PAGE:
I was working for a TV listings service when Vestron released the bulk of his R-rated product and while they got progressively awful (with the notable exception of “Cleo/Leo’), I was always fascinated by his work ethic and his merry band of players that showed up in almost every movie.

  4. Ubi · April 1, 2018

    Another great revelation / feature from the authorities on adult film history.

    Great!

  5. Jon Graves · April 1, 2018

    Chuck’s latter period films are worthy of a re-evaluation, and rarely covered by historians.

    Linda Williams covered his career in one of her anthology books, but this is another welcome addition to the history books.

    Cheers chaps!

  6. alan bobet · April 2, 2018

    Chuck’s work both in XXX rated porn and R rated Cable versions deserve a much deserved film retrospective either at the Quad or Anthology Film Archives here in NYC!

    • Jim Stevens · April 2, 2018

      “Roommates” was part of an adult film retrospective called “In The Flesh” that Casey Scott curated at the Anthology Film Archives in 2014. It was a great evening…they actually showed the soft-core version and Veronica, Kelly, Larry Revene, Rick Marx, and Eddie Heath were part of a panel discussing the movie (five or so minutes are on YouTube)…and Chuck. Patricia Dale, Jennifer DeLora, Rick Savage, Steve Morowitz and Cathy Gigante-Brown were there and I didn’t realize until almost the end that the woman I had been sharing pleasant asides to all evening was makeup artist Lorraine Altamura.

  7. Cathy Gigante-Brown · April 2, 2018

    Love this look at Chuck and his works. He was always super nice to me, granting me interviews, telling Marco to “give her whatever she needs” as far as chromes went. We even used a “Chuck shot” for the cover of Jerry Butler’s “Raw Talent.” Sad his masterworks have reverted back to a garage, though.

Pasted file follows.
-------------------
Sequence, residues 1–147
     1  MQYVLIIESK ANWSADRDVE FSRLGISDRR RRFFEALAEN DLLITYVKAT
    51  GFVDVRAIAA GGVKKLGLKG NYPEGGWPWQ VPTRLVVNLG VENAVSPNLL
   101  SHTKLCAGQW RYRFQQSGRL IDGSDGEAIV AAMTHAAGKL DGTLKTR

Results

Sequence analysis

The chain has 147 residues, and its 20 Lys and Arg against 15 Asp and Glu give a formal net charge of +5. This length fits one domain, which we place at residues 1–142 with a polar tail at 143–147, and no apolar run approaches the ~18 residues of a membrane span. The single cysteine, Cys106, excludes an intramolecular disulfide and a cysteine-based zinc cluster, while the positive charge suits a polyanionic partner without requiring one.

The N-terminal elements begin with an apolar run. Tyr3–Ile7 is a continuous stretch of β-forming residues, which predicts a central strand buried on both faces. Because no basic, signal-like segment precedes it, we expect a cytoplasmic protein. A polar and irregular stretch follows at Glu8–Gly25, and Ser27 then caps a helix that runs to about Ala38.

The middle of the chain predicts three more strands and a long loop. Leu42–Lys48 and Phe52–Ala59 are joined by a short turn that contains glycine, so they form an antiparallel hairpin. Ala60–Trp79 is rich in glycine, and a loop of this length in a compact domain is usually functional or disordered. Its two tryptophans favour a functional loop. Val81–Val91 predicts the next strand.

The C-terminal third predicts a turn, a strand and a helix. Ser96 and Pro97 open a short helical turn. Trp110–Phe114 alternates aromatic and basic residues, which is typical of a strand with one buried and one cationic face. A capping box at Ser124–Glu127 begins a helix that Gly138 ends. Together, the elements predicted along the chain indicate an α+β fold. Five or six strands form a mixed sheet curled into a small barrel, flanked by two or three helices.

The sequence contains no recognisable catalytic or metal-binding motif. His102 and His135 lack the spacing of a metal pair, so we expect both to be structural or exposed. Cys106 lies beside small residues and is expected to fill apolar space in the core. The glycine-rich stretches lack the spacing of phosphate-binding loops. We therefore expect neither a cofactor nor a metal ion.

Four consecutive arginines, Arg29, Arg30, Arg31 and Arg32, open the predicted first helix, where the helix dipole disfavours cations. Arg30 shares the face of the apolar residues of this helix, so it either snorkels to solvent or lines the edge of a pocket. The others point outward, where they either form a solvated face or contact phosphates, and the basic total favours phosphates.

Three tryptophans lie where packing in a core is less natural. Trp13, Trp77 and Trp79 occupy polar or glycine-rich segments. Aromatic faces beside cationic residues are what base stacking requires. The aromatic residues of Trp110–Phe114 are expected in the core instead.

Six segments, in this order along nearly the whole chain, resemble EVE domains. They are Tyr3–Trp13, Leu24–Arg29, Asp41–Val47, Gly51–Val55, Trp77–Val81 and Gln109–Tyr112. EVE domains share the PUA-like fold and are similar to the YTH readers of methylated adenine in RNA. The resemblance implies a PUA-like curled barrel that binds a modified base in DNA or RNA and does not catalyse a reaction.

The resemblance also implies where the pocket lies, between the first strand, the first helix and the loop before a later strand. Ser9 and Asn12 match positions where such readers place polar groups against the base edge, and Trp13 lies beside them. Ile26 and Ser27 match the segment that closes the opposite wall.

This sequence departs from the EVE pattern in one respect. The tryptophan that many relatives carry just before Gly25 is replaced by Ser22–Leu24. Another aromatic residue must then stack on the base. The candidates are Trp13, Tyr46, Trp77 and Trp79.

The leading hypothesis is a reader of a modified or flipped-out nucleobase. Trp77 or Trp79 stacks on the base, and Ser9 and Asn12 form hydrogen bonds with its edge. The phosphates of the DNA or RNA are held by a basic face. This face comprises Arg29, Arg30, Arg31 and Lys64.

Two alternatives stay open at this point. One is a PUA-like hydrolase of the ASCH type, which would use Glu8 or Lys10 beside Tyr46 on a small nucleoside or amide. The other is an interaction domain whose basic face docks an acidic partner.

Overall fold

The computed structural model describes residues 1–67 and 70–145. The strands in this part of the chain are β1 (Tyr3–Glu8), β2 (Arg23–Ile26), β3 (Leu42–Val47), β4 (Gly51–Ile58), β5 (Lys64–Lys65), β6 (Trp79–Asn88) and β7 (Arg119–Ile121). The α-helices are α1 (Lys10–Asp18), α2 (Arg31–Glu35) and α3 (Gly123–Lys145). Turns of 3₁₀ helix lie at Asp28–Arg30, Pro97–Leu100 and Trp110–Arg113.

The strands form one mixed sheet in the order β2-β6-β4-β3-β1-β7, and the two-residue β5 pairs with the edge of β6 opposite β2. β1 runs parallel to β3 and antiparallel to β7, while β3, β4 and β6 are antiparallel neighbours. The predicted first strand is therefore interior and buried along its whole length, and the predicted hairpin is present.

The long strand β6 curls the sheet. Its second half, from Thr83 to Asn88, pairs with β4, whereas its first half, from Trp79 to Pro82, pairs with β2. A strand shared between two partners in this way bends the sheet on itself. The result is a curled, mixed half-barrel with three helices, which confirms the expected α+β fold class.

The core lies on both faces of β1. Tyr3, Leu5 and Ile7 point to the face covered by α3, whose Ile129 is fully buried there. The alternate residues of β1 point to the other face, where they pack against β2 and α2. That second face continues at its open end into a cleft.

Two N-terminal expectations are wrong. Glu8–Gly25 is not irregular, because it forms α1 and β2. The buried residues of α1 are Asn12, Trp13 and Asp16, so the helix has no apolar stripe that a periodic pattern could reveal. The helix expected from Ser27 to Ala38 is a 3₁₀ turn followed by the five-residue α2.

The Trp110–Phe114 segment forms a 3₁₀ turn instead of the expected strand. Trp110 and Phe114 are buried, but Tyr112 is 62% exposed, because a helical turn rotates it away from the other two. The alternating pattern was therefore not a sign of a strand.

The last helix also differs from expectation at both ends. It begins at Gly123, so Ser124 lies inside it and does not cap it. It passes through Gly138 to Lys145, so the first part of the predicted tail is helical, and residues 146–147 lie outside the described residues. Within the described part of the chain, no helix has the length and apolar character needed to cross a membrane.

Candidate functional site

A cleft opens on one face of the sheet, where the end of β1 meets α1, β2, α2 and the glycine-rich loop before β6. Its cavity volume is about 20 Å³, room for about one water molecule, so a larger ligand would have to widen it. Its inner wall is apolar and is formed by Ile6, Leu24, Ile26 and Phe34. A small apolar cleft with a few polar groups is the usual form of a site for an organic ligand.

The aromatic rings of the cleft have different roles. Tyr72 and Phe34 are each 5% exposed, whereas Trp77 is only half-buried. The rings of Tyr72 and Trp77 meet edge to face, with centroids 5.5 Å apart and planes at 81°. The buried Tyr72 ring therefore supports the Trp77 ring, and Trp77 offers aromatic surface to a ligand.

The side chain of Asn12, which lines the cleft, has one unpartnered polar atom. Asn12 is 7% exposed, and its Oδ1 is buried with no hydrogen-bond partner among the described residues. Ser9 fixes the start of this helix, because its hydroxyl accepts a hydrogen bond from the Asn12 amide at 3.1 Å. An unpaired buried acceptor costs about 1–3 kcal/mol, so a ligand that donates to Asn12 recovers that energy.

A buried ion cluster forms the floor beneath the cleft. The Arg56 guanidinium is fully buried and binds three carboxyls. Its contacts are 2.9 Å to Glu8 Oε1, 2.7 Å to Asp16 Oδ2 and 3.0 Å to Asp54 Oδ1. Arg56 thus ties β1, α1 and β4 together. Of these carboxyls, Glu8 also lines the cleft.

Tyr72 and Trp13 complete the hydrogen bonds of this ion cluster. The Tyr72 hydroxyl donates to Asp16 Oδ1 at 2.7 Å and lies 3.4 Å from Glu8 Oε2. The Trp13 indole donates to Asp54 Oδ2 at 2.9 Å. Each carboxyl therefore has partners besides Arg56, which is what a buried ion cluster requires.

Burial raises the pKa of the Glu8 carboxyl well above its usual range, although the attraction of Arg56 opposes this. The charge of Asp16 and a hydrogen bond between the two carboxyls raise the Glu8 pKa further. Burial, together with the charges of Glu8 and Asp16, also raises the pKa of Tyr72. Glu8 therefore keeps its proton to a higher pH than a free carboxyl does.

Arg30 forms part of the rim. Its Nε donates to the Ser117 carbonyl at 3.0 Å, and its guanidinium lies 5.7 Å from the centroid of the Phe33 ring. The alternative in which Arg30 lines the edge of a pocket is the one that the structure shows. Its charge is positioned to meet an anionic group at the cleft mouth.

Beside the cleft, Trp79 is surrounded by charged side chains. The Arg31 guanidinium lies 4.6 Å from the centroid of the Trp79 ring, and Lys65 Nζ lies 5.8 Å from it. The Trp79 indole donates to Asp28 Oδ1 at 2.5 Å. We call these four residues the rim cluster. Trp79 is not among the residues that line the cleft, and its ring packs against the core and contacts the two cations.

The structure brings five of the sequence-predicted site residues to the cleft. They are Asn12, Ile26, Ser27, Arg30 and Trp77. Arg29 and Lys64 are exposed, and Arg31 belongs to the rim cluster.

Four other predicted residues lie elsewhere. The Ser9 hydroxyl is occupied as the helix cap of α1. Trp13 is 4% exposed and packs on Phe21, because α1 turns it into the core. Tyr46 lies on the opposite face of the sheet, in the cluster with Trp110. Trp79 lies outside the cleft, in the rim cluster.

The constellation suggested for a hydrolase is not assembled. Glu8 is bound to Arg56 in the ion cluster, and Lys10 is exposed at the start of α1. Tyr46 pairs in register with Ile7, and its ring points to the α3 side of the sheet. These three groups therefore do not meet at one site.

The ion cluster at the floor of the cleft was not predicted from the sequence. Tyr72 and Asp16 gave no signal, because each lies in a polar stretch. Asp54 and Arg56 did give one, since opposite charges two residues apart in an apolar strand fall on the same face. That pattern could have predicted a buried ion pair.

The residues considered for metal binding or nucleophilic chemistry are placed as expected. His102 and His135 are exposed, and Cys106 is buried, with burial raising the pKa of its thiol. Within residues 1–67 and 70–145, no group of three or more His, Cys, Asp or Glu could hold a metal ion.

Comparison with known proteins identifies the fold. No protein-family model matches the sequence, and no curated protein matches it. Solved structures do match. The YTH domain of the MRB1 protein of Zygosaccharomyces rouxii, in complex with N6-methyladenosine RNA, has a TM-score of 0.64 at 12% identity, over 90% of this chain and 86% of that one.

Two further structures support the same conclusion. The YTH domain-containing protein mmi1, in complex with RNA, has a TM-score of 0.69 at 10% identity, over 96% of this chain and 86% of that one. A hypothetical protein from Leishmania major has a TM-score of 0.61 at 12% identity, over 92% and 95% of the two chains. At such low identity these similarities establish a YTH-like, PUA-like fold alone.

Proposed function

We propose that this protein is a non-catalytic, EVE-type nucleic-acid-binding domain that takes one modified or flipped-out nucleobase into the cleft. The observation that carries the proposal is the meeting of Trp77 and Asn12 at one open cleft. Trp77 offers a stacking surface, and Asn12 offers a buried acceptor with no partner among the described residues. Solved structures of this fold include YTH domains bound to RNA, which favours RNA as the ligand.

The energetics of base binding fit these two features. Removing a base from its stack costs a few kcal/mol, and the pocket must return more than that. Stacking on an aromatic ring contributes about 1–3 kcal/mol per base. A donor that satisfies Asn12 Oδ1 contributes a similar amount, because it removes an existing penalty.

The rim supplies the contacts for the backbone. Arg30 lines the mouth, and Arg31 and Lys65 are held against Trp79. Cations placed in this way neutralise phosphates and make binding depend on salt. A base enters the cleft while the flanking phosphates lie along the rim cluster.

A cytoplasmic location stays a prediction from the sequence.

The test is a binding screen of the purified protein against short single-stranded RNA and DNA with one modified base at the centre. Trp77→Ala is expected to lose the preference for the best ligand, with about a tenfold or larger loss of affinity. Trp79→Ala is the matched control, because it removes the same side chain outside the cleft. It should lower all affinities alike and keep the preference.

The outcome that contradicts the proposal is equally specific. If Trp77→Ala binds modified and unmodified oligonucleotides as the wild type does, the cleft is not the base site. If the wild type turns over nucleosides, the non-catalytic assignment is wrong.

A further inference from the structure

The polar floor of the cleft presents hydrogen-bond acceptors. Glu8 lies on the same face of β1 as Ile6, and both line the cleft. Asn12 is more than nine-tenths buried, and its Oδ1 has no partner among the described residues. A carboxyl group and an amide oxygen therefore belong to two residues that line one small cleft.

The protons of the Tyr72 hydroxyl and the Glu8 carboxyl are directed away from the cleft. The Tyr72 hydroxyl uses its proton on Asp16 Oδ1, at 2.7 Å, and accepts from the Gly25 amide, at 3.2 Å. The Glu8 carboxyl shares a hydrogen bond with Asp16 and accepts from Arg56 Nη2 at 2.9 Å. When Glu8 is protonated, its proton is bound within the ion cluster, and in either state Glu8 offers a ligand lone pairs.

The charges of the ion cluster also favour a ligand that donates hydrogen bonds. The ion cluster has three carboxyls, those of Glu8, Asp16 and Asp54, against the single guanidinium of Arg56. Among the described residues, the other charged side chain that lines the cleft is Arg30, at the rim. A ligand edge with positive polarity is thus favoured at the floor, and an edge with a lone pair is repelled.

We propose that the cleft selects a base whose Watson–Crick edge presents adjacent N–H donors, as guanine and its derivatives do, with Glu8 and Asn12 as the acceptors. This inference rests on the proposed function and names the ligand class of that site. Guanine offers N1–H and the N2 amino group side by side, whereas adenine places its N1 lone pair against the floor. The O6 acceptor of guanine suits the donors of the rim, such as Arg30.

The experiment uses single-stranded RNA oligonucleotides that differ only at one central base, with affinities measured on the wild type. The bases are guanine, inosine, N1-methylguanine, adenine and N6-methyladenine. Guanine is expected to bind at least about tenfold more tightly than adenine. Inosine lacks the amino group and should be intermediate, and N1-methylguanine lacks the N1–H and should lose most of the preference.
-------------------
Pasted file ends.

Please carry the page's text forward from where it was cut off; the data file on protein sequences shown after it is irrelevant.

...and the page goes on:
8. Dan M. · April 5, 2018

    Favorite Chuck Vincent film is Blue Summer. I know it’s last on everyone else’s list but I love it. Wish I could get hold of Rob Everett (Eric Edwards) regarding location info and recollections of his late wife Kathy. She seemed like a great lady.

  9. BP · April 12, 2018

    Love these articles on location information. Thanks so much. Will you be covering some of the golden era films shot out in LA or San Francisco one day??

    • Ashley West · April 13, 2018

      We covered the ‘Pretty Peaches’ locations in Part 3 of our series.
      https://www.therialtoreport.com/2015/08/09/pretty-peaches/

      Are there any in particular that you’d like to see?

      Thanks!

      • BP · April 17, 2018

        Thanks Ashley. Yes I did see that one. Well the two big ones for me are Lips (1981) and Summer Camp Girls (1983). I believe I corresponded with you a few years back regarding SCG and you were very kind in asking Paul Thomas but unfortunately he couldn’t recall. I’m not sure but I’m guessing Lips could be San Francisco and SCG could be somewhere in the greater LA area. If you’ve found out any info in the last few years I’d love to find out. Thanks Ashley 🙂

  10. KingMidasInReverse · April 22, 2018

    Saw the poster of the movie “Room Mates” above and started to cry. Had an aunt I was very close with who has since passed. Way back in the day she went on a first date with a guy and he took her to see that film (aka:like De Niro in Taxi Driver). I remember her telling the story over dinner at the time. Thanks for the memory.

  11. Marco A. S. Freitas · April 26, 2018

    Always great to get some exclusive scoop from the Golden Age of Adult Cinema…loved reading infos about the R-rated work the late Chuck Vincent made along with his professional partner, a person I ´m honoured to call my friend, the über-talented Lighting Cameraman Larry Revene (I see Vincent and Mr. Revene as the Don Quixote and Sancho Panza of the X-rated world and I mean that with the utmost respect). Chuck´s ´teen-lust´ comedies like PREPPIES and HOLLYWOOD HOT TUBS-all very well-lit by Larry- were extremely popular in Brazil and a great source of ´pervy´ fun for us minors when the video rental clerks would not let us take out the more graphic movies.